Welcome, to the personal reminiscences of the Civil War seen through the eyes of Captain Harmon Hubbard. The provided articles provide detailed accounts of Harmon Hubbard's time spent in Andersonville prison, his eventual escape and survival, one last meeting with President Abraham Lincoln and the Battle of Ft. Blakley. When possible, throughout the text, I have provided additional links with more detail on key figures mentioned. In most cases, the original writings were published by the Mendon Dispatch circa 1904. To navigate through the primary articles, please utilize the drop-down menu found in the right-hand column.
Were did the writings come from?
The original Mark Twain scrapbook, where the writings are stored, was assembled by my great-grandmother, Daisy (Janney) Hubbard who was married to my great-grandfather Joseph Brown Janney. The scrapbook itself was published in New York City and was issued/printed on June 14, 1892 with patent number #477040.
According to my father, Daisy clipped and kept newspaper articles regarding Harmon Hubbard, and any additional press-worthy material relating to the Janney and Hubbard family, over the course of her lifetime. The scarpbook itself has been passed from generation to generation, with it reaching my hands earlier this year.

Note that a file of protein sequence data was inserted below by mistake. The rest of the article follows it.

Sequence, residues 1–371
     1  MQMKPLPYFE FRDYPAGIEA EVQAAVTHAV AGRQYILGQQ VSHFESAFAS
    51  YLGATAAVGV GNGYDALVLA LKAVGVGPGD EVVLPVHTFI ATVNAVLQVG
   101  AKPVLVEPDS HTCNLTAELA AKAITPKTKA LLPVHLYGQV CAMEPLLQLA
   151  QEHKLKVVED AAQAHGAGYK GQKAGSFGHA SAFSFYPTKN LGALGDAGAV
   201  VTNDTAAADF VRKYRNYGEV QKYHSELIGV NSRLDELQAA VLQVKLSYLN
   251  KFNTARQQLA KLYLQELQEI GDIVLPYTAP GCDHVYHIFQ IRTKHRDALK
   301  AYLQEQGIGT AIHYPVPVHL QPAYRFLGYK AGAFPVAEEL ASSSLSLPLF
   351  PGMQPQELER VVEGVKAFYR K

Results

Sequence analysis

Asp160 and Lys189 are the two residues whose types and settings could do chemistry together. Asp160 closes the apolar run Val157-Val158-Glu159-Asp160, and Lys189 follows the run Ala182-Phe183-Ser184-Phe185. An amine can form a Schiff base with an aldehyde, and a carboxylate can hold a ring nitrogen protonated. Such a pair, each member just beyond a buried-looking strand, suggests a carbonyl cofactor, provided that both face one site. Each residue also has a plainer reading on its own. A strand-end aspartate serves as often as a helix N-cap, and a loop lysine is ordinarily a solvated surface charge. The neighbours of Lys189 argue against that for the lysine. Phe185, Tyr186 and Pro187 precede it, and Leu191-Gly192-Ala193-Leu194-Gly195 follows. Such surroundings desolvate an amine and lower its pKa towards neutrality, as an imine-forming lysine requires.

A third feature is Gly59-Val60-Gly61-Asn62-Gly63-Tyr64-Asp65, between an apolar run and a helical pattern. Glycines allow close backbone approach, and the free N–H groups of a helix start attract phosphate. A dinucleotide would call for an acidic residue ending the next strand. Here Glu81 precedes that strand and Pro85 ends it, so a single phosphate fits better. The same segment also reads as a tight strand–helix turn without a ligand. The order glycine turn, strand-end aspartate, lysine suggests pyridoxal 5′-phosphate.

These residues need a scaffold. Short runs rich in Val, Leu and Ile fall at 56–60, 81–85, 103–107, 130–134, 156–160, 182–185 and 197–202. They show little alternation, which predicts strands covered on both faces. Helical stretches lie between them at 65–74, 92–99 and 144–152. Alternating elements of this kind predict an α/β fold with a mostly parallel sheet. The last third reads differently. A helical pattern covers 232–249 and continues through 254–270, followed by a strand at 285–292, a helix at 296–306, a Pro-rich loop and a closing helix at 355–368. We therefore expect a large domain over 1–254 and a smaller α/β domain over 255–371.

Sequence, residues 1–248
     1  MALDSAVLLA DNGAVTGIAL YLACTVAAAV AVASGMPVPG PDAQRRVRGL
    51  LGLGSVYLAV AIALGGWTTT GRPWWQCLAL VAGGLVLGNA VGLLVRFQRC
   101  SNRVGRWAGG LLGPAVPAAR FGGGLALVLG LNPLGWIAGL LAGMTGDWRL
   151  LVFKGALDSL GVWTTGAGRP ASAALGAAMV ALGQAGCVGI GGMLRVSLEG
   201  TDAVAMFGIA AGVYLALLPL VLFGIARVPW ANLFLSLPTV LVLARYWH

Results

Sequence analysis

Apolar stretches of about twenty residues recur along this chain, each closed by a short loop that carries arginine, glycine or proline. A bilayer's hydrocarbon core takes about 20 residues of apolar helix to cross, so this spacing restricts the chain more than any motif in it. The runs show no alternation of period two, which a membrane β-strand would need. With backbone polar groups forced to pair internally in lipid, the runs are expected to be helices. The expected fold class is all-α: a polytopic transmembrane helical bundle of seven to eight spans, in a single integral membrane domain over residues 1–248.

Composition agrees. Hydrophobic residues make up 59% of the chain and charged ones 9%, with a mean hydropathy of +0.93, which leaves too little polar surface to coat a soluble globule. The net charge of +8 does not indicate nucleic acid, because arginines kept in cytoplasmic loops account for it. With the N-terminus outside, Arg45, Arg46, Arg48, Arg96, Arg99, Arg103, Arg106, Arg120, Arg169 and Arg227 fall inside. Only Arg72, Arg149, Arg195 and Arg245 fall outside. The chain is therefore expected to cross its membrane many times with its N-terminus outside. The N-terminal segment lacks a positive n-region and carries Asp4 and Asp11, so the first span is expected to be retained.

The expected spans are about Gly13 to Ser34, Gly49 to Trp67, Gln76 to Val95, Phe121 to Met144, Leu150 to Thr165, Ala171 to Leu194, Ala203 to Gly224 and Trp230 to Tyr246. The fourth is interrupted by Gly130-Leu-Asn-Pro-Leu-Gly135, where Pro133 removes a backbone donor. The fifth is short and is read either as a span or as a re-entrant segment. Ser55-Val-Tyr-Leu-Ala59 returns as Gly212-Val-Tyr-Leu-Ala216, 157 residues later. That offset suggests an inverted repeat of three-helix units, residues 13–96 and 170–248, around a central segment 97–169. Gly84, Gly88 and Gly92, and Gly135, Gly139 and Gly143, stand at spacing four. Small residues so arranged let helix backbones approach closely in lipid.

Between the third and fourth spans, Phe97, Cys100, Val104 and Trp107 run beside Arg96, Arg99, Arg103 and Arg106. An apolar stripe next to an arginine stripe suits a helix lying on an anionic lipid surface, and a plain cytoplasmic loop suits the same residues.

Throughout the following text, when possible, I have tried to provide correct copyright information and credit.
Why do this?
There are a number of reasons I've put Harmon Root (H.R.) Hubbard's body of work online. First and foremost, the original scrapbook that houses the newspaper clippings is old, brittle and starting to fall apart. Secondly, I wanted to allow others the opportunity to read and absorb Harmon's personal accounts from the Civil War. Lastly, there's a family tie between Harmon and myself, and that is — he's my great-great grandfather, on my father's side.
On a personal note, I'd also like to believe Harmon would have been pleased to see that his personal collection has survived over 100 years and found it's way to a new medium where it can be shared with billions — the Internet.
I hope you enjoy the following stories, articles and poetry as much I have, and my family has, over our lifetime. Enjoy.
#1 photo of H. R. Hubbard (shown)